Benin thanked the Working Group and the Special Rapporteur for the quality of their reports. Benin was committed to promote support for victims’ families and fulfil their right to truth and non-recurrence. In the past 30 years, transitional justice had proven to be a pathway to lasting peace. Benin fully supported the recommendations of the Special Rapporteur. Paraguay welcomed the role of the truth commissions that had worked in close cooperation with victims’ families in order to provide reparations. In 2003, Paraguay had created the truth and justice commission in order to investigate violations of human rights in the country, particularly enforced disappearances. Further measures had been taken by the State to identify remains of the victims. Japan said it was necessary to strengthen measures to address cases of enforced disappearances. Far from being a crime from the past, enforced disappearance was a violation of human rights that continued to the present day. Resolving the issue of abduction by “North Korea” was a very important matter for the Government of Japan. The human rights situation in “North Korea” in general was getting worse.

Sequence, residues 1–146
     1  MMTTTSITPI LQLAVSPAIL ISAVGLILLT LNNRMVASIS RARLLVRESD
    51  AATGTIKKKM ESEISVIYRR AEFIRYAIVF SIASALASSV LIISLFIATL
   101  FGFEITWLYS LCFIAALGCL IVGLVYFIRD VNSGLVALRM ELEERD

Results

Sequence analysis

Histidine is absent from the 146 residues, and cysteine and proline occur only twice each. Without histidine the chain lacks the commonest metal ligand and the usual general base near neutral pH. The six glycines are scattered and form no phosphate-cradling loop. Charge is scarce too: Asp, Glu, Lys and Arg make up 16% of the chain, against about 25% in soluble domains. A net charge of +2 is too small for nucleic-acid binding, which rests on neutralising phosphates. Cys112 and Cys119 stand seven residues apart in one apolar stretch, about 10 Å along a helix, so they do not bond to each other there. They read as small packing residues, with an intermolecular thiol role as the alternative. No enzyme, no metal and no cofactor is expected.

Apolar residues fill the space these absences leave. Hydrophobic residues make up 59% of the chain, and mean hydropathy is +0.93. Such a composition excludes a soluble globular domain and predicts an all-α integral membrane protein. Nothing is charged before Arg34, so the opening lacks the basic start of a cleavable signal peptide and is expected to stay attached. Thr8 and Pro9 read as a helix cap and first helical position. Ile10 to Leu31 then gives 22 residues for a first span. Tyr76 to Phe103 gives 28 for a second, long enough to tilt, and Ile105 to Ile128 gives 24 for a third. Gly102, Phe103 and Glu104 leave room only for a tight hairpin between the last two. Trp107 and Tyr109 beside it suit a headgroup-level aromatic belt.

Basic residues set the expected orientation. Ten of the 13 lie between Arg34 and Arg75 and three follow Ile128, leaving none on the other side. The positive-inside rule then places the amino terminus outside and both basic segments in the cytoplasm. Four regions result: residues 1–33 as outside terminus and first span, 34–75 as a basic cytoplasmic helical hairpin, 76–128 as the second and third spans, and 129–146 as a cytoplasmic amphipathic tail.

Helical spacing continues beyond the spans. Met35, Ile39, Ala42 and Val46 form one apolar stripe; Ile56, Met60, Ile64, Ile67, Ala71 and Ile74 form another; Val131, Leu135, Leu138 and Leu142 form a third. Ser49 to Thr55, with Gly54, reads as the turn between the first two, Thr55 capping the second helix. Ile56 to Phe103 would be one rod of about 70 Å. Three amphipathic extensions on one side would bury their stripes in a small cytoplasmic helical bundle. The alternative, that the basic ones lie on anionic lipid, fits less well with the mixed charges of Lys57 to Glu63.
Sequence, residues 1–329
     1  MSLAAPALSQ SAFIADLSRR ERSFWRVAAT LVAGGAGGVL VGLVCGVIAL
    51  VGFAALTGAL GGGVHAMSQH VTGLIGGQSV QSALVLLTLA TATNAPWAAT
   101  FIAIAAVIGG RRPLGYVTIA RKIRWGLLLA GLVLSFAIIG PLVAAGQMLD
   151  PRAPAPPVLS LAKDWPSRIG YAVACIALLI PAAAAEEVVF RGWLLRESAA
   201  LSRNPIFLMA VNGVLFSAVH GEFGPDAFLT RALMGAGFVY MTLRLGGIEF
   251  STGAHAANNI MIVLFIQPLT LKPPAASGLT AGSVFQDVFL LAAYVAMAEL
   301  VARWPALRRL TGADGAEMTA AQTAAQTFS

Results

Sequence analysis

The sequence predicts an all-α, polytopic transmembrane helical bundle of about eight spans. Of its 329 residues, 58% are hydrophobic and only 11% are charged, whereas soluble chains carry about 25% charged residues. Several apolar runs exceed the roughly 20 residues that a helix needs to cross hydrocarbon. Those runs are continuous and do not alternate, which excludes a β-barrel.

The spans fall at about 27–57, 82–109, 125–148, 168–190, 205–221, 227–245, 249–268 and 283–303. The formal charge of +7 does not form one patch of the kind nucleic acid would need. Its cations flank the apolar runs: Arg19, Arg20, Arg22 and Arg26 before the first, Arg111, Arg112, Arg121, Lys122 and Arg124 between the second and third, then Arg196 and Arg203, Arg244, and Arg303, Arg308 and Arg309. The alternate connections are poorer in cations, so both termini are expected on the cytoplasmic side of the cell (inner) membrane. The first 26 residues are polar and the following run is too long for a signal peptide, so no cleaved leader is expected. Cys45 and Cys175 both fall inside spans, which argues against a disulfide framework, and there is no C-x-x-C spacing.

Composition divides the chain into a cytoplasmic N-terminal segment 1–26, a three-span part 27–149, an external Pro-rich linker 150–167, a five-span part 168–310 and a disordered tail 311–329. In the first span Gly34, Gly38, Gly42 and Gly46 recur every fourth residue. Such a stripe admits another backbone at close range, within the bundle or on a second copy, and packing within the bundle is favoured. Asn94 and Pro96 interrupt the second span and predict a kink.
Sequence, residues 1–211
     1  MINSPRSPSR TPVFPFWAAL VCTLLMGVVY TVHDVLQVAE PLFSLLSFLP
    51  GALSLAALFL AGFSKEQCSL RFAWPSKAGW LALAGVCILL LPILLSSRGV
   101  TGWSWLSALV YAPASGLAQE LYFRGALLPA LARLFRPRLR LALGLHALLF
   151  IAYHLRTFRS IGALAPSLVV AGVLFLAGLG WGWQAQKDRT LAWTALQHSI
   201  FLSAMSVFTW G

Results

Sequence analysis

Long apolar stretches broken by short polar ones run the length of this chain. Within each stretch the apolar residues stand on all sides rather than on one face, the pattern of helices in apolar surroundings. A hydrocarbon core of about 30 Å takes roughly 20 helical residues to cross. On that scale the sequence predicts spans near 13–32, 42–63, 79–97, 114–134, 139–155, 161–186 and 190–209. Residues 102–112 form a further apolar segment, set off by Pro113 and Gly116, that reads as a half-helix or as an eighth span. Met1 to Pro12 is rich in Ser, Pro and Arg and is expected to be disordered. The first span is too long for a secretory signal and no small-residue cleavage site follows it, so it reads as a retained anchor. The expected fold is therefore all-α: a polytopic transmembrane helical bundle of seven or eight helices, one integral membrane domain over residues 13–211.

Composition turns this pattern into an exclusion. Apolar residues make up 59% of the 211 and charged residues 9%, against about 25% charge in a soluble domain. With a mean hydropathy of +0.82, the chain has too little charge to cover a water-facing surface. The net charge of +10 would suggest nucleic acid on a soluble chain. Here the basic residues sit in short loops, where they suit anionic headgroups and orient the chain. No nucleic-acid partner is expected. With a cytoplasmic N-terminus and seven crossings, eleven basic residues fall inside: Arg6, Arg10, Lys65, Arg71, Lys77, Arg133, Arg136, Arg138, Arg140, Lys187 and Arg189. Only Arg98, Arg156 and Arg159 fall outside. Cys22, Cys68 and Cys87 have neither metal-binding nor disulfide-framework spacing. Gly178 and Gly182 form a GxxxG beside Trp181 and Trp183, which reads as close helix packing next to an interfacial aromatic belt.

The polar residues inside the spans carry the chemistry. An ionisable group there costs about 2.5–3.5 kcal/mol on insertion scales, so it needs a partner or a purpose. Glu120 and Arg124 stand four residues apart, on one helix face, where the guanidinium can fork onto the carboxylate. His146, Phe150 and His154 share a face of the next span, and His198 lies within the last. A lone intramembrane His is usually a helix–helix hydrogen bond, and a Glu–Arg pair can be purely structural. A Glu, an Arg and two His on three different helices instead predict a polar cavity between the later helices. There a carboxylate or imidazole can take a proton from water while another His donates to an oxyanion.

Montenegro said that its National Commission for Missing Persons continued to operate at the national level, with a focus on establishing the truth, particularly the whereabouts of all the disappeared; to that end, it continued to improve cooperation with countries in the region and was about to sign a protocol with Croatia. Armenia said that truth, justice and guarantees of non-recurrence were at the core of transitional justice and were important for the prevention of genocide and crimes against humanity, including the fight against impunity and denial. Philippines reiterated that it did not tolerate enforced disappearances and extra-judicial executions and had enacted the very first Asian domestic legislation prohibiting enforced disappearances.